Runner-up: Sharing bodies

Sharing bodies

I am watching my husband write again-
he is dead but he is writing,
flesh morphing from grey to warm
as capillaries pulse new life back in.

His finger prints live on,
phantom limb revived
in a surgery séance
for the patchwork man
Mary Shelley predicted,
but this is not monstrous.
More the delicious agony
of a last letter arriving
a month after he went,
or a backdated cheque
unburdening as his flesh
is accepted, converted
into a new currency-
integrating your gestures.

Maybe you will find yourself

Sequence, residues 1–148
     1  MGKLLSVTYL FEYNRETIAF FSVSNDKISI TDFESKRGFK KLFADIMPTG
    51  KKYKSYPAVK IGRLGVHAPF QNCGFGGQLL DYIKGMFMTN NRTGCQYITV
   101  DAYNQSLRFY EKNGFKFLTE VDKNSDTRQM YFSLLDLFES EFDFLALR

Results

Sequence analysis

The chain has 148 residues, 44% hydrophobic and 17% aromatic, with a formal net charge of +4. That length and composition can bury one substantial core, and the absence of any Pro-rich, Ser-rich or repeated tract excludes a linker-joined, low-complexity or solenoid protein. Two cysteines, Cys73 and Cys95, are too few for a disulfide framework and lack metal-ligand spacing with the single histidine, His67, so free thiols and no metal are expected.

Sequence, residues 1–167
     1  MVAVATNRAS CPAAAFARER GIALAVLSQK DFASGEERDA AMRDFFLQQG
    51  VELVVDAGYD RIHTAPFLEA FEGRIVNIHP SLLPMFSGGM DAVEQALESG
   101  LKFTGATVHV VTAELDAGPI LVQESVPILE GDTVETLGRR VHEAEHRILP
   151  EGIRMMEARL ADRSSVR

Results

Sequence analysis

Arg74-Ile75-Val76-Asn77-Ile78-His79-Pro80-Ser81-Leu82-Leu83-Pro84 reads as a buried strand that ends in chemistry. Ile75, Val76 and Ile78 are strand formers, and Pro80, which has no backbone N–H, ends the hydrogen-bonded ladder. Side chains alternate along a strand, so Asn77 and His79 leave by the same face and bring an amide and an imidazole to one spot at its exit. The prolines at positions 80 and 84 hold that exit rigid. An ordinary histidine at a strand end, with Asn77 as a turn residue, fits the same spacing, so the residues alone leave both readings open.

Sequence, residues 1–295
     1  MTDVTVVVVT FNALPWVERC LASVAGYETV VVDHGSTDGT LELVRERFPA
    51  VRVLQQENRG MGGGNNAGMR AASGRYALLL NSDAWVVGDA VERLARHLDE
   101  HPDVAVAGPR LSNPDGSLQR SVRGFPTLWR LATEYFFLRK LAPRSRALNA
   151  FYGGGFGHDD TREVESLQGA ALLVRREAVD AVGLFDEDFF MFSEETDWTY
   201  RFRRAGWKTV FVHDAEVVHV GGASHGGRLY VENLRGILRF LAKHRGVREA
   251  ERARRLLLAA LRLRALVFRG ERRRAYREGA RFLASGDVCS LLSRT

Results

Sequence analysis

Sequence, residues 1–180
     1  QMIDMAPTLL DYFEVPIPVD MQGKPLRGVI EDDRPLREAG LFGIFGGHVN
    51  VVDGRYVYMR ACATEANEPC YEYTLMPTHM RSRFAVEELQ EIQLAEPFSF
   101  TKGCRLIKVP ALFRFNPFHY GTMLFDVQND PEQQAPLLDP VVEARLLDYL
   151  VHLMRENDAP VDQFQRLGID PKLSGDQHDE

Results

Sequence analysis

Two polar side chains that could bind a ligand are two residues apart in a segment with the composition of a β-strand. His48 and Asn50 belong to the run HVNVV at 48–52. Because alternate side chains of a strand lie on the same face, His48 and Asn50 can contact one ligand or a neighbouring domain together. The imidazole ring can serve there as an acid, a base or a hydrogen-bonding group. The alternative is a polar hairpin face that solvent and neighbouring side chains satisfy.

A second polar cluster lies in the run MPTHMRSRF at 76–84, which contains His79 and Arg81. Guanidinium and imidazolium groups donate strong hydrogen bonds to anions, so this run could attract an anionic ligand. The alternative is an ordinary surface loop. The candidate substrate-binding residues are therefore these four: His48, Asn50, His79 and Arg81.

strumming air,
writing with his curve,
or punching the sky
when the other team wins
or developing a taste
for biting nails again-
as if ingesting him
will make him yours.

My husband never learnt
to type fast, and I worry
your new right hand man
will slow you down-
and will be found
clenching drift wood in meetings
longing to whittle
when he should be carving contracts.

You will have to train my husband’s hand.
You flex him, you reach out to take mine
and for a moment we are back at the bed
where he faded away.

They say that the boundary line
between his flesh and yours will blur
and I wonder if his mottles will hold.
If the black hair dusting his fingers
will tinge into chestnut over time-
if in a year, I won’t see
my husbands’ hand in yours.

We are sharing bodies
trading parts for our conscience
for legacy
to keep the human jigsaw
whole.

 

Laila Sumpton

November 2015

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